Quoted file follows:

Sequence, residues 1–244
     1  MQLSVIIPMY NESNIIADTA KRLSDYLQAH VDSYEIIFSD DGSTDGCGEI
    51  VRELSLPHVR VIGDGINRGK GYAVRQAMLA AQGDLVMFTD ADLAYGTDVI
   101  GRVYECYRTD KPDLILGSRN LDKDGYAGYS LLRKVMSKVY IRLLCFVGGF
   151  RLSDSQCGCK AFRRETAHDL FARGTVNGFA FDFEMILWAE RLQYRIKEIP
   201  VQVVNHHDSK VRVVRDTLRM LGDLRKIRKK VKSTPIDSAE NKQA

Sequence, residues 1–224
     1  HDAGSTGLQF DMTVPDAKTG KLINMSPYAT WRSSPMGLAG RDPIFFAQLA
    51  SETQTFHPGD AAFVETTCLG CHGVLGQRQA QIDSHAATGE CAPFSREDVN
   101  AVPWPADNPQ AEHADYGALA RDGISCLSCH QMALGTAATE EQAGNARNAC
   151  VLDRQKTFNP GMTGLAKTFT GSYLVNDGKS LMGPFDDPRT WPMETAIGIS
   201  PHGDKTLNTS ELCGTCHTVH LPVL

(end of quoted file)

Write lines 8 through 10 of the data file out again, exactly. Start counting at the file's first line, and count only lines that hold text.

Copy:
     1  HDAGSTGLQF DMTVPDAKTG KLINMSPYAT WRSSPMGLAG RDPIFFAQLA
    51  SETQTFHPGD AAFVETTCLG CHGVLGQRQA QIDSHAATGE CAPFSREDVN
   101  AVPWPADNPQ AEHADYGALA RDGISCLSCH QMALGTAATE EQAGNARNAC